The Senate on Friday voted to give President Obama “fast-track” negotiating powers to conclude a controversial 12-nation Pacific Rim trade deal, that has prompted heated opposition from within his own party. Reuters reports:
Obama needs trade promotion authority (TPA) to complete the Trans-Pacific Partnership (TPP) trade agreement this year, an economic alliance that would encompass 40 percent of the world’s economies in countries ranging from Japan to Chile.
“Today’s bipartisan Senate vote is an important step toward ensuring the United States can negotiate and enforce strong, high-standards trade agreements,” Obama said in a statement issued immediately after the Senate passage.
But according to the Huffington Post, the final version of the bill “threw a wrench into the President’s plans.”
The measure now moves to the House of Representatives.
Bhaskar Chakravorti, senior associate dean of international business and finance at Tufts University writes at CNBC why the congressional fuss “won’t scare off the partners.”
“…the TPP matters much more to them than it does to the U.S., particularly from an economic standpoint. The gain of 0.3 to 0.4 percent in U.S. GDP is modest when compared to Vietnam’s 10-percent GDP boost and even to Japan’s 2-percent benefit, a giant leap for a country stuck in over two decades of a recession. The partner countries would likely hang on for the long ride, keen to see the partnership through. The stop-and-start process is also surprisingly helpful for the U.S. because it serves the purpose of sending a signal to these partners: American voters have concerns and they need to be addressed.”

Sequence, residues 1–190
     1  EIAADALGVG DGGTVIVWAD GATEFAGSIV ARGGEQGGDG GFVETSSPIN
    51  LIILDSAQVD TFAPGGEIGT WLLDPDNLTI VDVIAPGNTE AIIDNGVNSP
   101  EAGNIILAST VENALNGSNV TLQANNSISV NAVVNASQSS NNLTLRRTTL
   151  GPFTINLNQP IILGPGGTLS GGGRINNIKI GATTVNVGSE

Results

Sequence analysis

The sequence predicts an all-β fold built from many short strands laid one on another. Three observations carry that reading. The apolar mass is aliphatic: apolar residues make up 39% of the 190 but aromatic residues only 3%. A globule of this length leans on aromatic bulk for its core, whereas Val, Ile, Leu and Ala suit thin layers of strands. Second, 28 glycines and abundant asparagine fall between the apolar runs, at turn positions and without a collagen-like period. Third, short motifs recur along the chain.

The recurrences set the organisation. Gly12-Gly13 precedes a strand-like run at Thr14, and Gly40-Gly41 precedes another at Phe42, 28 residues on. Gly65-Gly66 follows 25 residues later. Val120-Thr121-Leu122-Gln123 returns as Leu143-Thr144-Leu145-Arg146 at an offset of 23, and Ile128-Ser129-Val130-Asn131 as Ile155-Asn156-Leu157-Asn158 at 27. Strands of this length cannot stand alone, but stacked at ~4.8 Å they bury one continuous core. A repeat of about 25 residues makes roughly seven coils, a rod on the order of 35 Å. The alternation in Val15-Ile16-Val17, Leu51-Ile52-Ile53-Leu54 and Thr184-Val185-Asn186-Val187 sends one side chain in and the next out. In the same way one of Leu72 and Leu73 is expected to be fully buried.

Paul Krugman writes at the New York Times:
I don’t know why the president has chosen to make the proposed Trans-Pacific Partnership such a policy priority. Still, there is an argument to be made for such a deal, and some reasonable, well-intentioned people are supporting the initiative.
But other reasonable, well-intentioned people have serious questions about what’s going on. And I would have expected a good-faith effort to answer those questions. Unfortunately, that’s not at all what has been happening.
* WORLD * Reuters reports that government prosecutors are investigating the company at the center of the California pipeline leak this week that caused thousands of gallons of oil to leak onto the coastline near Santa Barbara.
* POLITICS * The GOP Presidential field may have just shrunk by one.
Katie Glueck and Nick Gass at Politico write on “why Huckabee went all-in for the Duggars”.
Bob Cesca writes at Salon on why Huckabee’s move “kind of makes sense.”
Huckabee’s candidacy isn’t about helping his supporters who, by the way, are donating their hard-earned cash and limited spare time to his campaign; Huckabee’s candidacy is all about increasing his media cache, it’s about boosting his speaking fees and strengthening his hand in preparation for his next Fox News Channel contract. Former George W. Bush speechwriter, David Frum saliently refers to Fox News and AM talk radio as the “conservative entertainment complex” and Huckabee is one of the main stage players. This can’t be emphasized enough: Huckabee is taking money from ordinary Americans who think he’s in the race to win and to change things, when in reality he has no hope of winning and he knows it.
Meanwhile, Conservative pundits are already turning away.
And somewhere, Rick Santorum is thinking “phew…”
* CULTURE * The Eurovision Song Contest takes place in Vienna on Saturday. The BBC reports that around 200 million people are expected to watch live in what’s expected to be the biggest-ever version of the annual competition.
If you’ve never seen it before, here’s “ten of the best” numbers that “lived on after the voting” from The Guardian.
Oh, and, don’t let the name fool you – Australia are taking part this year for the first time. It’s also the first time the contest will have sign language translation.
Whatever happens in real life, though, it’s probably unlikely to top this: